The reports of my death are greatly exaggerated – Mark Twain
The internet is currently full of rumors and reports that Microsoft no longer will develop Silverlight after version 5 is deployed. This could not be a bigger exaggeration.
Silverlight consists of a couple of different components;
- XAML for describing UI
- C# for writing the code
- A framework with built classes and controls to speed up development
- A runtime to execute the executable
- Development tools
One of these will go away “A runtime to execute the executable” and one will be updated “A framework with … “.
A new runtime
The Silverlight runtime will go away. Microsoft doesn’t support plugins in their Windows 8 Metro-style browser and here the rumors have some validity. But what is in the runtime? There is a memory model, an execution environment, a type system, threading model and a lot of things needed to get your application to run. In Silverlight you seldom interact directly with this runtime, you interact with the libraries on top of it.
But there is a big difference between being killed and being replaced. In Windows 8 they Silverlight model has been embraced and pull down on top of the kernel itself. In Windows 8 the runtime is called the “WinRT”. It will execute your C# code and XAML but native to the platform instead of in a virtual machine.
Does this change stuff? Yes, will you have to care? Barely. If you don’t count the fact that your apps will be able to run on XBox, Devices and PC’s.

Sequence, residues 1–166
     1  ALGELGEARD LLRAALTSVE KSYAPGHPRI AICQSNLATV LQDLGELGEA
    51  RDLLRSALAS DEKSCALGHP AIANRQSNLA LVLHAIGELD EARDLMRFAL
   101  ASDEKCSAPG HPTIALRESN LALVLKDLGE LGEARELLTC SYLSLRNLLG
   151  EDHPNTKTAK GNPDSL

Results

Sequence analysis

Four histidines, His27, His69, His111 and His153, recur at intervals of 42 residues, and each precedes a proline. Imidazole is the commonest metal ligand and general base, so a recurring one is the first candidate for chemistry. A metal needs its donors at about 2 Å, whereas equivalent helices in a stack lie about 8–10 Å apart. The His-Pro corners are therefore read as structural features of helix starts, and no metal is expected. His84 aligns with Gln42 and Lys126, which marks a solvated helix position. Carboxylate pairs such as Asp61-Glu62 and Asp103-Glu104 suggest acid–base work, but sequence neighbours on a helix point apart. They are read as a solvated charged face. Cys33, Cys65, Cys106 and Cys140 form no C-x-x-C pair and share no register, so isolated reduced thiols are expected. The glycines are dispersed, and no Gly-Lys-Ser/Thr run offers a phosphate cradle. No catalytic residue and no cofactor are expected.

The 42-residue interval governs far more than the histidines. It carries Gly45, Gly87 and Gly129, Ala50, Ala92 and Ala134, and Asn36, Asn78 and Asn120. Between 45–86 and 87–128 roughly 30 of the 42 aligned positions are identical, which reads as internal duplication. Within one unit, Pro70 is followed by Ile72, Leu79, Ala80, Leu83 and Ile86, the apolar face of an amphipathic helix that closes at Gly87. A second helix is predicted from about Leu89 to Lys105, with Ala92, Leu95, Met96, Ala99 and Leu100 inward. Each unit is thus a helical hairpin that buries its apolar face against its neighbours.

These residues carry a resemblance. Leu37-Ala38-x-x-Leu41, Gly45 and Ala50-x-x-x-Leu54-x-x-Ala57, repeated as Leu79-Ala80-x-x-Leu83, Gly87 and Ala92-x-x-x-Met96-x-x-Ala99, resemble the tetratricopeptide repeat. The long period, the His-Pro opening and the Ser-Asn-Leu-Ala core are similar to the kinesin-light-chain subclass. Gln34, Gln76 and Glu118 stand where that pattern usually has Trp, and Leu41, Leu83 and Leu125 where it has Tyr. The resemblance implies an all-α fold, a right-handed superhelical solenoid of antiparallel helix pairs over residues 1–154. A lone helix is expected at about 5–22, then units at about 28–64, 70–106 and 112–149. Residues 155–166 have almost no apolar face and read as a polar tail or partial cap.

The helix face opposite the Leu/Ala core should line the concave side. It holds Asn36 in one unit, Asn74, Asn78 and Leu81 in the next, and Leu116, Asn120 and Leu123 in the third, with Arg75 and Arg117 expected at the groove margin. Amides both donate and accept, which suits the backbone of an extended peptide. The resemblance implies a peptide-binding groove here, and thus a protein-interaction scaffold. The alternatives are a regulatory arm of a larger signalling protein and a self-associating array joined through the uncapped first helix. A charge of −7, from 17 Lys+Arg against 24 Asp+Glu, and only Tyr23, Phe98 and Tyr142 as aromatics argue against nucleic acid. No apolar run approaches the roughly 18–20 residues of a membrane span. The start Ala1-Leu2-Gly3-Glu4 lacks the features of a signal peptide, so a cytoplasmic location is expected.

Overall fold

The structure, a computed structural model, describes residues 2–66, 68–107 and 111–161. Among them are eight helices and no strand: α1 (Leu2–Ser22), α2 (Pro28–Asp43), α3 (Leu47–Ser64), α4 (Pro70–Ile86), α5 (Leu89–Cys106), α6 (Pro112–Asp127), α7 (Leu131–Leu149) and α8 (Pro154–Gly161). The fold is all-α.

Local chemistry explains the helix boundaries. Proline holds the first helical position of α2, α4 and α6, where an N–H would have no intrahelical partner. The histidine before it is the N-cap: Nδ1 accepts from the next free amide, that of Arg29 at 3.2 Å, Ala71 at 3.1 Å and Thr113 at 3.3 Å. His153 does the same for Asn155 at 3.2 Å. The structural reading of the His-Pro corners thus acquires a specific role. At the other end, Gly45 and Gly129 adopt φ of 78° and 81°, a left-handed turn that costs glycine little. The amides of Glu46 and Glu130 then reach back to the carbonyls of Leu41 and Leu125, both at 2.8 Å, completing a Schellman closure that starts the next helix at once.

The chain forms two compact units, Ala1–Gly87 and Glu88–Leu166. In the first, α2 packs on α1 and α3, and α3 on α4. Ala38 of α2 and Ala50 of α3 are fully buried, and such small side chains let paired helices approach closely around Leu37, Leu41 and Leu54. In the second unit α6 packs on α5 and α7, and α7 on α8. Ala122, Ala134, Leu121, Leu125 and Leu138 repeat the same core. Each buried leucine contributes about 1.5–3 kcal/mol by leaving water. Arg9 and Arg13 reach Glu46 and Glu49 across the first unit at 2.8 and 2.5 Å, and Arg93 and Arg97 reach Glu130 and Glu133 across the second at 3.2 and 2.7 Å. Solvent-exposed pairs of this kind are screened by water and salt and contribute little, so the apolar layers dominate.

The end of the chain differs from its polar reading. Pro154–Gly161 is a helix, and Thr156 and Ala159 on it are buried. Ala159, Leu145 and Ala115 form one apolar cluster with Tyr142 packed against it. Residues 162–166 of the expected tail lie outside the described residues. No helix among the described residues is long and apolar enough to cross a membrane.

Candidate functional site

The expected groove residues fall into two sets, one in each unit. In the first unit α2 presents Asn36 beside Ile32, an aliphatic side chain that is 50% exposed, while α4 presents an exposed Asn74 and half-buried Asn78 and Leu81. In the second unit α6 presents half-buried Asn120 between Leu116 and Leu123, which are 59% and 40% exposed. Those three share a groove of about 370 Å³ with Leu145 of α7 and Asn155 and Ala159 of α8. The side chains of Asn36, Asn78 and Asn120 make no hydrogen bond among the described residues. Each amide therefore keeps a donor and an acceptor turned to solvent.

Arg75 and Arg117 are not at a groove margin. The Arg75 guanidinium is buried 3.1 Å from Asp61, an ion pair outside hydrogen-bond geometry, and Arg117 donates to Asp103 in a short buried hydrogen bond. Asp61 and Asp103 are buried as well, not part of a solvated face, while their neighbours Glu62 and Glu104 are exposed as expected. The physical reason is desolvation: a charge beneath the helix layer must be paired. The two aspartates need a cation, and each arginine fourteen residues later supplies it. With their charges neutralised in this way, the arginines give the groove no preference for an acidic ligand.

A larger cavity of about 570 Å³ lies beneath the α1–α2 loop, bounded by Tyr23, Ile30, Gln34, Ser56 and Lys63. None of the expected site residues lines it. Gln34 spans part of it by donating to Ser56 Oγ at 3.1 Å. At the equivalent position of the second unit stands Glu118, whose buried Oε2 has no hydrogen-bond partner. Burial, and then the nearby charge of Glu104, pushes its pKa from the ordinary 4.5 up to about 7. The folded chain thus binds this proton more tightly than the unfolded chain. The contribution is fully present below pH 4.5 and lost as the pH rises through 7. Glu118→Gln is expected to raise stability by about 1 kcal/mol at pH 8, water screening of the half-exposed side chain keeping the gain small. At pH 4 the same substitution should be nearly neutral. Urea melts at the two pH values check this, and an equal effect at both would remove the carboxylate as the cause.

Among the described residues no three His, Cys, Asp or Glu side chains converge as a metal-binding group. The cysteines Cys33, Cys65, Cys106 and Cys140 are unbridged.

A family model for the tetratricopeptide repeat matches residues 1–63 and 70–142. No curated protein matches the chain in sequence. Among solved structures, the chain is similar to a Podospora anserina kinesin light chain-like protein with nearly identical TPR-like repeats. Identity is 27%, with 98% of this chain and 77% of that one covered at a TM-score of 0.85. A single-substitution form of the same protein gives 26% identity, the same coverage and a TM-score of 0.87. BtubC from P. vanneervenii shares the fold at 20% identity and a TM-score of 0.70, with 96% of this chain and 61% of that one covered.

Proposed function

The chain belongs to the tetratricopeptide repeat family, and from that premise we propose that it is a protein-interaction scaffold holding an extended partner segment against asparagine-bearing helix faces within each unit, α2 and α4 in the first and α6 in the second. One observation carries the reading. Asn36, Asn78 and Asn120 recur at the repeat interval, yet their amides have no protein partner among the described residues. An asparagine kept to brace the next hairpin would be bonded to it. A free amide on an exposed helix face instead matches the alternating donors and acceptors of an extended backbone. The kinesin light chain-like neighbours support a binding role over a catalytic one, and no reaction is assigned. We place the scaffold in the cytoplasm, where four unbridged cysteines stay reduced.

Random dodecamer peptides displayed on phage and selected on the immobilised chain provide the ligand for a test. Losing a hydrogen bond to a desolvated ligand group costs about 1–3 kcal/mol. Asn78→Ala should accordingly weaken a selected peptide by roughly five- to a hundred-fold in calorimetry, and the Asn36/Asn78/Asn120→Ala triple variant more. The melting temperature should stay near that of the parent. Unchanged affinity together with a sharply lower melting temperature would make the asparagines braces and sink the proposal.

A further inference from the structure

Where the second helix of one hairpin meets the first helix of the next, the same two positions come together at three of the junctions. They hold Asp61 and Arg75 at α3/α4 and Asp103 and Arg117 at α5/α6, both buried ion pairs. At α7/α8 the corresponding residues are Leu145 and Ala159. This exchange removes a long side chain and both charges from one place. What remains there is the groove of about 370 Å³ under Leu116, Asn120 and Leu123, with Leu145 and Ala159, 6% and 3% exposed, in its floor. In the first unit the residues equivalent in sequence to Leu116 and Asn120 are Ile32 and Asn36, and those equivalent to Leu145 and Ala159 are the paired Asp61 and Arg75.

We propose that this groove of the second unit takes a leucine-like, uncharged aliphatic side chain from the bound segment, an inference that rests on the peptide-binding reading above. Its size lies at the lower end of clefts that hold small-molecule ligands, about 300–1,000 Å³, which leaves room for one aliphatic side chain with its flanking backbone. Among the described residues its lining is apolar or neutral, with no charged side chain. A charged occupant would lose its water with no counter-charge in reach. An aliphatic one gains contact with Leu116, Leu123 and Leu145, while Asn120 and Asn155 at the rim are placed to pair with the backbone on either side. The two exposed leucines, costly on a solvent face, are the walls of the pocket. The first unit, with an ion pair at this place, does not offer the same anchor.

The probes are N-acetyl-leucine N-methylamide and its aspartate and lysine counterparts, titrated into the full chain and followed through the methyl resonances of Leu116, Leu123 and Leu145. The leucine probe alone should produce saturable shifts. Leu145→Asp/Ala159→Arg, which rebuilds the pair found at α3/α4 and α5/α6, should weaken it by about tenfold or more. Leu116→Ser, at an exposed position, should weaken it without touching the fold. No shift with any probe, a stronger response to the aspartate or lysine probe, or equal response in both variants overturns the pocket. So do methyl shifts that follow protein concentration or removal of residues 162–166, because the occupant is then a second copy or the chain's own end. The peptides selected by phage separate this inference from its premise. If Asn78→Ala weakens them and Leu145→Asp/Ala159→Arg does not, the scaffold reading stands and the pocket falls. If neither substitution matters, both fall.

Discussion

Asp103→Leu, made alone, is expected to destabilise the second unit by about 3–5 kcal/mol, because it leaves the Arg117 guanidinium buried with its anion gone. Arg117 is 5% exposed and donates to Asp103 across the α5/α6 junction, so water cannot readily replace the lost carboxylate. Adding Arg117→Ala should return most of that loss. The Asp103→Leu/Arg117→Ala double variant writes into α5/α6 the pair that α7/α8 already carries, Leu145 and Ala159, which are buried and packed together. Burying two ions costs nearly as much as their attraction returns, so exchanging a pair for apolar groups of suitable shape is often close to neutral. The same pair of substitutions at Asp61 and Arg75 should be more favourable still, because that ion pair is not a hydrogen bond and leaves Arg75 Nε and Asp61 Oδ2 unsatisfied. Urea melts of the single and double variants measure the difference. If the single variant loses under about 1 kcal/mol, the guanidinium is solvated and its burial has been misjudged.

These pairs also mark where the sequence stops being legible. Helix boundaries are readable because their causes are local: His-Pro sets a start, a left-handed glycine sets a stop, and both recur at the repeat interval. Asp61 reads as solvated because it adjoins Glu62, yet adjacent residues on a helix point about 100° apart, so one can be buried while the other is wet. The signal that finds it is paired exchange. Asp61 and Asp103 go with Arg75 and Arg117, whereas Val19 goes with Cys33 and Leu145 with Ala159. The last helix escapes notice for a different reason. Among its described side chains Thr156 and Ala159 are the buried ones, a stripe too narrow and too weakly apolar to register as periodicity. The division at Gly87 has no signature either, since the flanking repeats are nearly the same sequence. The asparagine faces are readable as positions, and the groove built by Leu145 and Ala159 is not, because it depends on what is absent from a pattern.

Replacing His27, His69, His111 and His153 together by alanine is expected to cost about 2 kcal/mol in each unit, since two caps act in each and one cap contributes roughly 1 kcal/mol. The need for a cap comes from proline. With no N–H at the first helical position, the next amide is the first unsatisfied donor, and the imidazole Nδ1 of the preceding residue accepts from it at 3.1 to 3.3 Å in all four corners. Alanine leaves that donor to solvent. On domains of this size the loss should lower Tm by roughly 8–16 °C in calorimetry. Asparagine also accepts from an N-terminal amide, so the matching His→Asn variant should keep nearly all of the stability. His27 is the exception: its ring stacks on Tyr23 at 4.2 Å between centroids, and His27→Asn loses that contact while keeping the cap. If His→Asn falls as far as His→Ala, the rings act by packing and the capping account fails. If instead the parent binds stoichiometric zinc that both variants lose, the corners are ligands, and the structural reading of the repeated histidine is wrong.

Here you as a developer will be mostly affected. A few things will change. A couple of namespaces are moved to better reflect the native model of WinRT, the type system has change a little bit and your reflection code will have to be updated (minor update, adding a method call to all typeof and gettype). For the most part, all the classes, methods and other artifacts will be the same as the ones that you use for Silverlight / WP7 development today.
The big difference here isn’t any changes to existing code, it’s that Silverlight applications now get access to so much more functionality that it was restricted from before. Silverlight becomes native.
C# and XAML
… will stay the same (with the obvious version upgrades). You will not have to create COM-objects or call any Win32 api’s. From C#; the programming model of WinRT is pretty much the same as that of the CLR / DLR.
So yes, Silverlight in its current form could probably be considered dead. But is the technology dead? I’d argue it isn’t. It is evolving into a native model, it’s going to be the engine for applications on the next version of Windows, both on desktop and other devices.
So even if the runtime dies, it’s essence and tools are still there.